Listening good. Recklessness bad

The events leading up to the 2017 death by suicide of Molly Russell are being forensically examined in the North London Coroner’s Court. Meta and Pinterest are in the dock. The reports are difficult reading not just because of the concentrated focus they provide in respect of a known and identified child, but also because of what they say about children not represented in the court room but who shared similar fates. The true number of victims likely will never be known.

First, I have to say my heart goes out to the Russell Family. I cannot imagine what it must be like to sit in that Inquest listening to the detailed evidence about everything their daughter witnessed and was likely to have experienced up to the moment she took her own life. After viewing some of the content to which Molly had been exposed, even a professional child psychiatrist acknowledged, they had difficulty sleeping for a few weeks.

Second, my admiration for the family knows no bounds. They didn’t let it go. Overwhelmed by grief many of us would have shrunk to nothing, turned inwards and crawled away. Not so the Russells. Their grief has transformed itself into a righteous mission. Established in Molly’s memory the Molly Rose Foundation targets and provides support to under 25s who are contemplating taking their own lives.

Then there’s the Inquest itself. It is anticipated it will last for two weeks, and the way it has galvanised an extremely high level of attention from the world’s media is further testament to the serious and detailed way Molly’s people have been working over several years. They have engaged an incredibly strong legal team to make sure no stone is left unturned.

To Meta’s Goliath you can certainly see the Russells as David. I doubt Meta will come tumbling down but, with regulating the internet on the agendas of so many Governments and legislatures around the world, the echoes of what is said will be greatly magnified.

The third and fourth thoughts I have sort of merge in the middle and become hard to separate. There’s the cold-hearted effrontery of Meta who, even in the face of tragedy, sought to defend their actions, suggesting they too had a righteous mission. That mission was “to enable users to cry for help”.  

Meta’s representative was asked if the company had undertaken any research into the impact of self-harm content on users. Seemingly she was not aware of any adding that it would have been difficult to conduct. “The impact of certain material can affect people in different ways at different times . . . It’s really complicated”.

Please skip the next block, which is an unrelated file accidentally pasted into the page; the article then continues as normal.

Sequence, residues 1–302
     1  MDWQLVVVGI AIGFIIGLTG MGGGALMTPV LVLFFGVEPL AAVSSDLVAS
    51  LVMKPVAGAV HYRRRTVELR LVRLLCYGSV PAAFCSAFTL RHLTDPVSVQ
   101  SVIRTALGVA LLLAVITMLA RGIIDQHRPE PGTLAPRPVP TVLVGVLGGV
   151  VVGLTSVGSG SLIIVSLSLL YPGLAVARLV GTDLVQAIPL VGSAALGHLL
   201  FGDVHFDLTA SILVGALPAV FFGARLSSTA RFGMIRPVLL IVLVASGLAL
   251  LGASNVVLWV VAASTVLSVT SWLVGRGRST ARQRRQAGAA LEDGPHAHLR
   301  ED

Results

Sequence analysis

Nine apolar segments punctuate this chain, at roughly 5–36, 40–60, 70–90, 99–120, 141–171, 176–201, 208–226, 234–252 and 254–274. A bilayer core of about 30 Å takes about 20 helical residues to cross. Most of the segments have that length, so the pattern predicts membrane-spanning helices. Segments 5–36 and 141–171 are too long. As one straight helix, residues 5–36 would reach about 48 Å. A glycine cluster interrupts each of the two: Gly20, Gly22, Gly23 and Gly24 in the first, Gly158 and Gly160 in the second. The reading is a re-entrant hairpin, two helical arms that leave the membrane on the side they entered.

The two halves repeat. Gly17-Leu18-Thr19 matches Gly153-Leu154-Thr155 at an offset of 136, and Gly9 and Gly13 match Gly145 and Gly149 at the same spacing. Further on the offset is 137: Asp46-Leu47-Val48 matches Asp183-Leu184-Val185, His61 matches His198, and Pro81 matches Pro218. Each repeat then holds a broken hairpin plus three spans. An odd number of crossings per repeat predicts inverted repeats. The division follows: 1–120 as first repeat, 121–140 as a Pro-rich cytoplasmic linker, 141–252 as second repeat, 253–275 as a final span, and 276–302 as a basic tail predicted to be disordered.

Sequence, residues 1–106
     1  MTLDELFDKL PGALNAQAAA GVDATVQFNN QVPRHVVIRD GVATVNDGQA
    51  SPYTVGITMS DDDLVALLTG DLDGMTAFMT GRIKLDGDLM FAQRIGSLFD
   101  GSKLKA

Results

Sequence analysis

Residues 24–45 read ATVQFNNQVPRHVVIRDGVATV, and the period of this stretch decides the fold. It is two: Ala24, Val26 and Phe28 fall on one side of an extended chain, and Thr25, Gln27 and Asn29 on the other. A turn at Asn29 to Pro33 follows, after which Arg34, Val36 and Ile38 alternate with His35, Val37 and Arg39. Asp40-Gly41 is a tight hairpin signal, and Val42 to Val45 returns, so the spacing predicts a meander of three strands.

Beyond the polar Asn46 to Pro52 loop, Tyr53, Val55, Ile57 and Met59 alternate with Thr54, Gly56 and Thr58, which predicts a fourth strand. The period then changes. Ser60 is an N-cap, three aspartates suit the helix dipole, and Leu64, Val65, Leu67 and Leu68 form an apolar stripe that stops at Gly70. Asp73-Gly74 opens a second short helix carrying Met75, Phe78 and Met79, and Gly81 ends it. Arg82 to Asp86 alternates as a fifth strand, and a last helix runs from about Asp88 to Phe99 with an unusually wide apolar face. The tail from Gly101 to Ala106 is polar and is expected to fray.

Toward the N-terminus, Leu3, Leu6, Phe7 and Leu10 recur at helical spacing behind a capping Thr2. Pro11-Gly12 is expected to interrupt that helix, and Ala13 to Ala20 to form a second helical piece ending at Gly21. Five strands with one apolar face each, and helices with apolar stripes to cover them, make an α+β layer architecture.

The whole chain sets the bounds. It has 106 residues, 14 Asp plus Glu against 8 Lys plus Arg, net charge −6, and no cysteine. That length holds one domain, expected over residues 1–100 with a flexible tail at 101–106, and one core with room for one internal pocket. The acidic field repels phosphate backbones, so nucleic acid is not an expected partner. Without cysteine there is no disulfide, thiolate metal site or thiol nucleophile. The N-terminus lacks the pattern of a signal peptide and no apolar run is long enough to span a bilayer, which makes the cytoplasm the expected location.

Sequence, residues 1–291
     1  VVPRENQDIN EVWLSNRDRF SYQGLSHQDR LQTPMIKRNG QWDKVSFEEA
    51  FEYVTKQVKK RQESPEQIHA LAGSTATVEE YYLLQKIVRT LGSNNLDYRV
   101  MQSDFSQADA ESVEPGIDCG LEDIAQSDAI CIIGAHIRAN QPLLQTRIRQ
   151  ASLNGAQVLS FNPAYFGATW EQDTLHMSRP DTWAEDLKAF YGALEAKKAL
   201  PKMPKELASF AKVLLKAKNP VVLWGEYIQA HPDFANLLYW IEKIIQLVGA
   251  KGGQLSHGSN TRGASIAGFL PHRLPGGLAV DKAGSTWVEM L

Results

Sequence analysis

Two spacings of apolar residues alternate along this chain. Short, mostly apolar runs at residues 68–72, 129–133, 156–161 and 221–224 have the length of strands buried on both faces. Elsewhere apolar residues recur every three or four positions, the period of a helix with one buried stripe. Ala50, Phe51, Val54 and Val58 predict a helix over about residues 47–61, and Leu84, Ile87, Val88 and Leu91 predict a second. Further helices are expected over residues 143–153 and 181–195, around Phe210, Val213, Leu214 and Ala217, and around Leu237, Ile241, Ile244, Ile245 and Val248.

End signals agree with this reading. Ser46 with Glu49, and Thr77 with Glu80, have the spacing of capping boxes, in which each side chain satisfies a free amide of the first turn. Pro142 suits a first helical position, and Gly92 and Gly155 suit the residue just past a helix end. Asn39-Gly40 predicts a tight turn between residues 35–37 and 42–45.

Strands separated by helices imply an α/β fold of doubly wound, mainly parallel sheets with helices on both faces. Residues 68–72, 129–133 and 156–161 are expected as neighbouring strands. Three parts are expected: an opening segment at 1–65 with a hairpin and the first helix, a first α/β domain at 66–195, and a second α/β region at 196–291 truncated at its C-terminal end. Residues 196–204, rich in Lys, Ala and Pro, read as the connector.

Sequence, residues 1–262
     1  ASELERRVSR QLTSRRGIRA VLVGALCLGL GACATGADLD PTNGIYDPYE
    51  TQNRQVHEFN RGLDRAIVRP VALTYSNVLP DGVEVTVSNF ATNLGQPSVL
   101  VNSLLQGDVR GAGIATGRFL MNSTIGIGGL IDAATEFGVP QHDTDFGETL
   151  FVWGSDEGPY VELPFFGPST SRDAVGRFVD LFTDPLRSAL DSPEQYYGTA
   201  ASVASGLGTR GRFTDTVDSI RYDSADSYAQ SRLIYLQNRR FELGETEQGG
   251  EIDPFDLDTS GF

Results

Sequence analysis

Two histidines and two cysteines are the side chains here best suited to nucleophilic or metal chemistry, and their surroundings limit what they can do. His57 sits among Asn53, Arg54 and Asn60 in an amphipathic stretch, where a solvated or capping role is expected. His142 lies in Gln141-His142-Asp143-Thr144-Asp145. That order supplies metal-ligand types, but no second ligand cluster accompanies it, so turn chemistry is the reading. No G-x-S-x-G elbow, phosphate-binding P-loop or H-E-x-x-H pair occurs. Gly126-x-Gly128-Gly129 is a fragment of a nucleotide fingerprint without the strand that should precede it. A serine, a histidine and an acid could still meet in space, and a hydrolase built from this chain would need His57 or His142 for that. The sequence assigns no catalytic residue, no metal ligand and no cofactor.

Self-evidently not complicated enough to give Meta pause for thought. Not complicated enough to invoke the precautionary principle.

We’ve been here before. I remember years ago Facebook deliberately left a video up showing an obviously mentally ill mother beating a ten month old child while her four or five year old son looked on.

The company defended their decision saying the video became a point of focus for public outrage and campaigns for better mental health services. Not one children’s organization that I knew of anywhere in the world thought leaving the video up was in the public interest or in children’s interests. But we all knew that video was making money for Facebook. Horror sells. Weird sells. Shocking sells. That’s no place for vulnerable children and if you know or ought to know vulnerable children are in among your users you must act accordingly. Plainly Facebook didn’t.

When it was put to Facebook’s field staff that, within the company, the commercial arguments for leaving the video up might have counted for more than any other considerations, we were met with hurt looks and expressions of injured feelings. How could anyone think they, Mother Theresa and Albert Schweitzer reincarnate and made flesh, could even think about money when issues of that kind were being discussed?

Instagram is not a psychiatrist’s couch or consulting room. It is not a counselling service. No service provided by Meta or its predecessor is or was. Meta is an advertsing platform which makes money by attracting people and keeping them there. I repeat. Horror sells. Weird sells. Shocking sells. That’s why the company “likes” it.

The s230 harm 

Which brings me to my final if rather obvious point. Why did Meta think it could behave in the way it did? Because s230 gave it legal cover. If any civil or criminal legal liability could have been traced back to Meta does anyone seriously think they would have allowed any of this to happen? Wouldn’t they have invoked a precautionary principle of their own?

Opponents of reform of s230 speak about the likely “chilling effect” it might have, meaning the way it might make platform owners be more cautious about what they allow and prohibit on their sites and services.

Would that be such a bad thing?

So policies were changed. Eventually

After Molly’s death Instagram changed their policies because “experts advised it that graphic self-harm imagery could encourage users to hurt themselves.”

Words do not fail me but I am not going to use the ones prominent in my mind right now.

s230 is a licence for recklessness. It is a shame it took the death of a child to force the company to listen.

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